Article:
dm00286302

DT0059
Design Tip
Ellipsoid or sphere fitting for sensor calibration
By Andrea Vitali
Main components*
LSM303AGR
Ultra compact high-performance e-compass: ultra-low-power
3D accelerometer and 3D magnetometer
LSM6DS3
iNEMO inertial module: 3D accelerometer and 3D gyroscope
Purpose and benefits
This design tip explains how to compute offsets, gains, and cross-axis gains for a 3-axis
sensor by performing a sphere (ellipsoid) fitting. The technique is typically used to calibrate
and compensate magnetometers, but it can also be used with other sensors, such as
accelerometers.
Benefits:

Added functionality with respect to calibration provided by the MotionFX library which
only provides offsets for the Magnetometer.

Short and essential implementation, which enables easy customization and
enhancement by the end-user (osxMotionFX is available only in binary format, not as
source code)

Easy to use on every microcontroller (osxMotionFX can only be run on the STM32 and
only when the proper license has been issued by Open.MEMS license server).
Algorithm description
Measurements are taken on a number of positions (N) and combined to find the unknowns
(offsets, gains and cross-axis gains).
For 6-tumble calibration, positioning the sensor accurately is required. However, for the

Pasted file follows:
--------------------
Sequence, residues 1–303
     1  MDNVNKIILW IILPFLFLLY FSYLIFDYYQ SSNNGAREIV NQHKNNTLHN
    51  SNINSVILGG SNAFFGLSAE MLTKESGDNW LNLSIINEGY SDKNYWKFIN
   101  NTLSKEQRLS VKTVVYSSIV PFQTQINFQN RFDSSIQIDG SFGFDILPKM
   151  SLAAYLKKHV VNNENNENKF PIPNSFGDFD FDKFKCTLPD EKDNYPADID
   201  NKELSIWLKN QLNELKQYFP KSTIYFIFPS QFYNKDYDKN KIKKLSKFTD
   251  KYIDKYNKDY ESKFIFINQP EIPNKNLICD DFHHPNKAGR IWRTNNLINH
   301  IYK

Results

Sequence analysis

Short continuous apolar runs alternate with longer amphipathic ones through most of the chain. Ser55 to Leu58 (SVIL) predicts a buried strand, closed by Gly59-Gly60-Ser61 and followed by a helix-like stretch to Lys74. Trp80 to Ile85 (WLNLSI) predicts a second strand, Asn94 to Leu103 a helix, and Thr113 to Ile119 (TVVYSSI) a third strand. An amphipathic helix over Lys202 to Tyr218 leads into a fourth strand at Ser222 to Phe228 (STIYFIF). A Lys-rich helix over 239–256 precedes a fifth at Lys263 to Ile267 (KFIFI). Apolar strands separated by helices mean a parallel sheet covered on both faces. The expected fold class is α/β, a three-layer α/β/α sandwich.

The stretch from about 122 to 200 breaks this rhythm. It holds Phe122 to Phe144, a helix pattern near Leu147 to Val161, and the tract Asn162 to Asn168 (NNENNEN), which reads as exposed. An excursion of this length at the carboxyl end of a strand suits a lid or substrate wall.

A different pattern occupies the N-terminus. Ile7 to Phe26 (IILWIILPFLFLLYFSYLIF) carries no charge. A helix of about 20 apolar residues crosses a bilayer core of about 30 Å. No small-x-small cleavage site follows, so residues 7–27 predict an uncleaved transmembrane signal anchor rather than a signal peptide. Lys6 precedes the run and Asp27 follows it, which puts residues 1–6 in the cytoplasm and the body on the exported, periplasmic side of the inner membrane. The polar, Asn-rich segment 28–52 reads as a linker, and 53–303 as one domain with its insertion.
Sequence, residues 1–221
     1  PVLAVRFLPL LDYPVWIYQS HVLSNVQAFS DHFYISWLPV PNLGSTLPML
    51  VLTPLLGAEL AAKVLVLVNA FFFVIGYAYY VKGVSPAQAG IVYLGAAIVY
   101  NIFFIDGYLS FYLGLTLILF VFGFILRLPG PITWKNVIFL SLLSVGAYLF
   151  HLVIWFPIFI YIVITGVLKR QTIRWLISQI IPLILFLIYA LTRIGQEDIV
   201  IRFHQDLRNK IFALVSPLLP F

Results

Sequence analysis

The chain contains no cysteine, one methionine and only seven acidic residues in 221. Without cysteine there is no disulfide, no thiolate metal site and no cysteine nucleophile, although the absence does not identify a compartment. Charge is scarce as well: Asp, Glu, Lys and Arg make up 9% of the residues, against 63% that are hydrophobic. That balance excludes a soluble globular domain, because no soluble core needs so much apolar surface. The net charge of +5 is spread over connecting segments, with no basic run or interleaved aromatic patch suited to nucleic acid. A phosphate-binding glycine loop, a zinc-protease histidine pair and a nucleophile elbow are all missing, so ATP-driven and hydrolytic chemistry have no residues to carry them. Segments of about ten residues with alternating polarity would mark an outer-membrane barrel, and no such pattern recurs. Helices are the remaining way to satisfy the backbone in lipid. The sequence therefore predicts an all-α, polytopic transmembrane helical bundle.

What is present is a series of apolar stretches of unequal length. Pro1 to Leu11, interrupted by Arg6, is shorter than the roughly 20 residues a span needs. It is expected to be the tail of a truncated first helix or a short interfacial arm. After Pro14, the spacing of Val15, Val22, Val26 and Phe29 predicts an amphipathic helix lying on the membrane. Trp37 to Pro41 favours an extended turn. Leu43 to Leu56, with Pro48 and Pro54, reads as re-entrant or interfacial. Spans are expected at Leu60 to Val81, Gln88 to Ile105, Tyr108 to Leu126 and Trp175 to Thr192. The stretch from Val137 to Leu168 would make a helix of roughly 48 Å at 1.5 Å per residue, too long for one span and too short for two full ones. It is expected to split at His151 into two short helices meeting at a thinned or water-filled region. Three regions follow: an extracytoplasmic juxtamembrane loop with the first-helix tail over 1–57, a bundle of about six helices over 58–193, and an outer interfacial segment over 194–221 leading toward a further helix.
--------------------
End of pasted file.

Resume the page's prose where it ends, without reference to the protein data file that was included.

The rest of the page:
ellipsoid fitting described here, there is no need to know the true stimulus of the sensor, as
the only requirement is that the modulus of the true stimulus be constant (square root of
sum of squares of X, Y, and Z).

April 2016
For the case of the magnetometer: in order to measure only the earth magnetic
field, any other spurious (and often time varying) magnetic anomalies must be
absent; the modulus of the true stimulus is then the modulus of the earth magnetic
field
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
For the case of the accelerometer: in order to measure only the gravity, the sensor
must not be subject to any other acceleration; the modulus of the true stimulus is
then the modulus of the gravity
In the most general case, the following equation has 9 unknowns,
T
v = [ a, b, c, d, e, f, g, h, i ] with the data points being on a rotated ellipsoid. If the ellipsoid
is not rotated, the axis will be aligned with X, Y and Z, where the corresponding equation
T
has only 6 unknowns v = [ a, b, c, g, h, i ] . If the axes are all the same length, then it is a
T
sphere, and the corresponding equation has only 4 unknowns v = [ a+b+c, g, h, i ] . The
general equation is the following:
2
2
2
a X + b Y + c Z + d 2XY + e 2XZ + f 2YZ + g 2X + h 2Y + i 2Z = 1
The set of N data points is used to build a data matrix D where the data points must not be
co-planar:

Rotated ellipsoid: line of D = [X , Y , Z , 2XY,2XZ, 2YZ, 2X, 2Y, 2Z], where D is
[Nx9]. At least 9 data points are needed to compute offsets, gains and cross-axis
gains
